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Banning simulated rape porn, AIBU to be...

(126 Posts)
ThingsThatMakeYouGoHmmmmmmmmm Mon 22-Jul-13 14:10:26

Uneasy ? Unpleasent -yes. Distasteful -yes. But, outwith arguments re trafficking and drug dependency, where participants consent is given, is this something government should be involved in ?

It feels a little bit like state limiting the boundaries of sexuality. What next ? Who decides ? Will rape in literature, films etc be next?

And what about murder ? What would Hollywood have to say about a ban on images of simulated murder?

Dunno what I think about it, really. Just, as I said, uneasy. confused

ThingsThatMakeYouGoHmmmmmmmmm Mon 22-Jul-13 15:08:57

Very much one of the things I am wondering about, meditrina.

Apparently has been law in Scotland for some time, with either zero or one prosecution.....

YoniMontanasLittleFriend Mon 22-Jul-13 15:09:19

Im on the fence on this as i agree i think its disgusting but surely if its banned then bd sm should also be banned as in it glamourises control and torture .

TunipTheVegedude Mon 22-Jul-13 15:10:26

Have you seen The Accused Meditrina?
Of course it won't be banned. It's not pornography. While there's some scope of variations between different definitions, a film that is neither explicit nor for the purpose of sexual gratification is not going to come under the heading of pornography.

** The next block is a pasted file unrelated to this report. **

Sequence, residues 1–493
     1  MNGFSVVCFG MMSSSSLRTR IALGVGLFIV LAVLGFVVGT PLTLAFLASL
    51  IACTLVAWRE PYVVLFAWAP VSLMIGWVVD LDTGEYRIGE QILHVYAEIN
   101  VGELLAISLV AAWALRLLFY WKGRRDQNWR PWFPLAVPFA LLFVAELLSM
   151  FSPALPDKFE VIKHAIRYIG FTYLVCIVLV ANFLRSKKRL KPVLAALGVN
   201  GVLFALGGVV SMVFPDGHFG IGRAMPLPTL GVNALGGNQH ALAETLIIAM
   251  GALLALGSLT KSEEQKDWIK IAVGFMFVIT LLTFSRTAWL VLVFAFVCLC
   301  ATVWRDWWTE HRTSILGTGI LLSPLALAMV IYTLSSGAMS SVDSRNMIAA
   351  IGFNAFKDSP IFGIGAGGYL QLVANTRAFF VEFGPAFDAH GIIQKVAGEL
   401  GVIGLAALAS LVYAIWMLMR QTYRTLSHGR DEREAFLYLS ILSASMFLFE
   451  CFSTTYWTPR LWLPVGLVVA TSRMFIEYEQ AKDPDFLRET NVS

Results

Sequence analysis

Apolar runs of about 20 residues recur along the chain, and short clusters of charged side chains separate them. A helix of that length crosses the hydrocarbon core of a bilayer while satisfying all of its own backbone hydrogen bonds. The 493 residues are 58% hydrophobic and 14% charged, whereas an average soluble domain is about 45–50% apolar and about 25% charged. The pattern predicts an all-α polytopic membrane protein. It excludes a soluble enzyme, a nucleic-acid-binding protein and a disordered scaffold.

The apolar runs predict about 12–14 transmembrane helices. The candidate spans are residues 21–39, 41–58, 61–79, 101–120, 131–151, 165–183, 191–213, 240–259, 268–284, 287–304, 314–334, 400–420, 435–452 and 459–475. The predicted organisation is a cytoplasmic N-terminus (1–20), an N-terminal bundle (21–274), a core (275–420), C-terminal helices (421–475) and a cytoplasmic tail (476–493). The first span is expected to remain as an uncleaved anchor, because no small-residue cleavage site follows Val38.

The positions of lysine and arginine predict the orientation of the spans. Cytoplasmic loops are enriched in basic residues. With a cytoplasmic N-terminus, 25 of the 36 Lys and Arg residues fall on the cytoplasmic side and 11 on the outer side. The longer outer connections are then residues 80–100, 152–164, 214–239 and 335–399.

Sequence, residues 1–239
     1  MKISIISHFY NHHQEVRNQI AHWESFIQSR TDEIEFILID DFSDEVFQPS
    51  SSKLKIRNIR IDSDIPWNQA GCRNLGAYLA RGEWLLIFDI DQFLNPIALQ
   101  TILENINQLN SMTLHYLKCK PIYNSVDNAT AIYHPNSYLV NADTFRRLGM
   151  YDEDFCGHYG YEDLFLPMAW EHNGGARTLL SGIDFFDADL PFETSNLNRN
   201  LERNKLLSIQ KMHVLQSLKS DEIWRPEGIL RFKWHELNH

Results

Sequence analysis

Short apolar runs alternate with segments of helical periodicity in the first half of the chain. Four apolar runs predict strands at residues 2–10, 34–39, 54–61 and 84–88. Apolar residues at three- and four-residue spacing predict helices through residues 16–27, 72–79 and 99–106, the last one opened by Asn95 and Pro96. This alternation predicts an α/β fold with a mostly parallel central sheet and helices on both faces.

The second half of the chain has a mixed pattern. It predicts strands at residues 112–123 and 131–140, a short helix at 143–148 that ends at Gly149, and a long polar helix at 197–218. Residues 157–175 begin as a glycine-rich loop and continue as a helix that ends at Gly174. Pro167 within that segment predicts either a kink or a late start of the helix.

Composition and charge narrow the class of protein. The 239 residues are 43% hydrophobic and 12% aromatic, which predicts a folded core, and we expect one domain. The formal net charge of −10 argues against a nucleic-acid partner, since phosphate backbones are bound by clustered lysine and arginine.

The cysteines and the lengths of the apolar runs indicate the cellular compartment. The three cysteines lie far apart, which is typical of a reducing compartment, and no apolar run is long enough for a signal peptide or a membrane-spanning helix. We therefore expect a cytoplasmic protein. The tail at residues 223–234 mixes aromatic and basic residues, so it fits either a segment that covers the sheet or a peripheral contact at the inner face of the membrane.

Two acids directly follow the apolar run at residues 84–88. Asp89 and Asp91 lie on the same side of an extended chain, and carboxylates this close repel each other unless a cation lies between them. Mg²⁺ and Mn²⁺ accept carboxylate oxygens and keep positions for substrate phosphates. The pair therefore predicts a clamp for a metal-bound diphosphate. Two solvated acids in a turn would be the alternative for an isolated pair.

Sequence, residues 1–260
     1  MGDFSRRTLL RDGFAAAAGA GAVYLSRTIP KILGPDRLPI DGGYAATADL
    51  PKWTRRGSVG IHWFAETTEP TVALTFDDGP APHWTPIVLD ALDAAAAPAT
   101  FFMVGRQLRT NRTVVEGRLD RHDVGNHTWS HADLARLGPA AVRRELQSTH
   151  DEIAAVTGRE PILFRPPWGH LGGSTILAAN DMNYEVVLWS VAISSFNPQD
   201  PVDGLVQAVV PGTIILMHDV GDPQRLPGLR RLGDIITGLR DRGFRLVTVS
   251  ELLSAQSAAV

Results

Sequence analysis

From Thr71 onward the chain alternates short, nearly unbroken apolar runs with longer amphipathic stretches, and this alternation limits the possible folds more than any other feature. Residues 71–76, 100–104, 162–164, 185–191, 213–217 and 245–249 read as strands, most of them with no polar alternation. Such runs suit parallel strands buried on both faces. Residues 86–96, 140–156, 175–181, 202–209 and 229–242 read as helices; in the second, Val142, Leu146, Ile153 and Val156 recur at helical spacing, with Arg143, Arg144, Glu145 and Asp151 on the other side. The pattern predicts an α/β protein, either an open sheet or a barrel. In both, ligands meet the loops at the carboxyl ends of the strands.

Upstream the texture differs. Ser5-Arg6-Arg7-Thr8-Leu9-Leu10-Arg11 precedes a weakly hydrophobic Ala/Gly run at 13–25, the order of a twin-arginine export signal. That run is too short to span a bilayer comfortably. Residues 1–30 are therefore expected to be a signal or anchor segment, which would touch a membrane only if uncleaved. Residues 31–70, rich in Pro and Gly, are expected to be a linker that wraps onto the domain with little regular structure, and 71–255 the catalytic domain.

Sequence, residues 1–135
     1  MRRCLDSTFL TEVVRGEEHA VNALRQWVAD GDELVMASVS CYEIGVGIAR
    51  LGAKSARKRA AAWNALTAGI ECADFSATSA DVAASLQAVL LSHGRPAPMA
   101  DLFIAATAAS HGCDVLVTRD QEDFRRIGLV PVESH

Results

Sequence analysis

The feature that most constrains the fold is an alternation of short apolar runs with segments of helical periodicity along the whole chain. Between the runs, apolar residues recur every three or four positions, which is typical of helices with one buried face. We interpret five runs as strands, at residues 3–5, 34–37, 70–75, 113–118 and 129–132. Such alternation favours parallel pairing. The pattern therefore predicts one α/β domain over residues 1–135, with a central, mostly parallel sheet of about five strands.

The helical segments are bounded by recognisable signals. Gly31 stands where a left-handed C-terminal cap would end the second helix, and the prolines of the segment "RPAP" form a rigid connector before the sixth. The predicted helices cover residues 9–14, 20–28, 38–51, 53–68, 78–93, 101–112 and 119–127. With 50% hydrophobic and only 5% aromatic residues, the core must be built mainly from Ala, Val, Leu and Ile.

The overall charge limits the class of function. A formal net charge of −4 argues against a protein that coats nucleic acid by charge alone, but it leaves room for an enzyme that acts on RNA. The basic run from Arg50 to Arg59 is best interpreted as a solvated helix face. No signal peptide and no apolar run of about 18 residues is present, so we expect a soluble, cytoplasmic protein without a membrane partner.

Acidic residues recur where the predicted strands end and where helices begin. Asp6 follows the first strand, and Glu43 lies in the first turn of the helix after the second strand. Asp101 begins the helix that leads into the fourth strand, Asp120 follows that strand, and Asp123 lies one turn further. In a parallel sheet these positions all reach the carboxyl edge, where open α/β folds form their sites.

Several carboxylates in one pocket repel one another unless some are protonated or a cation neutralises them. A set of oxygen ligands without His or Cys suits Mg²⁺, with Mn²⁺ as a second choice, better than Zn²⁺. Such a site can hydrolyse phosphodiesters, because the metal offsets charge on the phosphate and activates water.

There will no doubt be cases at the boundaries for lawyers to argue over but it's fairly clear what this law is intended to catch.

ThingsThatMakeYouGoHmmmmmmmmm Mon 22-Jul-13 15:12:09

"it's fairly clear what this law is intended to catch."

I don't think fairly clear laws are ever a good idea...........

I really struggle with where I sit on this. I am fundamentally a libertarian and get very frustrated with the slow erosion of our civil liberties. The problem with, for example, rape porn being banned is where is the line drawn and by whom.
I abhor this type of porn myself but in most cases it is performed by consenting adults for the entertainment of adults and no laws are broken.
By allowing that to be banned we give the gov't yet more power to tell us what to do, what to watch, what to think. Orwellian dystopia starts on this slippery slope...

I'd rather see the investment being made to improve education and awareness for sex industry workers of all types and education within the justice system to remove some of the obstacles to them reporting sex crimes as listed by a previous poster. Prostitutes are raped and ignored by the police or given short shrift in the courts too.

missinglalaland Mon 22-Jul-13 15:18:27

Flat pack -

Making laws and regulations is the process of making things illegal today that weren't yesterday based on our judgements. There isn't zero evidence of harm. There is growing academic evidence of a great deal of harm.

It seems to be me that the "patronising" argument is always called out as a final attempt to make us feel ashamed for caring about and protecting other people. Ultimately it comes down to my sense of responsibility as a participant in this society. Deep in my gut, I don't think these young women are leading wonderful, exciting, self actualised lives. I think they are being used. I wouldn't want it for the little girls I know and care about. Any amount of pseudo-intellectual hooey about it being a "choice" wouldn't sway me.

Who am I to have an opinion? Why I am an educated, informed, member of this society participating in the debate about how we should be governed, just like yourself!

I might be misunderstanding you, but your argument seems to be that consent is the magic ingredient that makes everything tickety boo. I agree with you that consent is an absolute necessity; I just don't agree that consent magically makes everything and anything ok.

happygirl87 Mon 22-Jul-13 15:18:39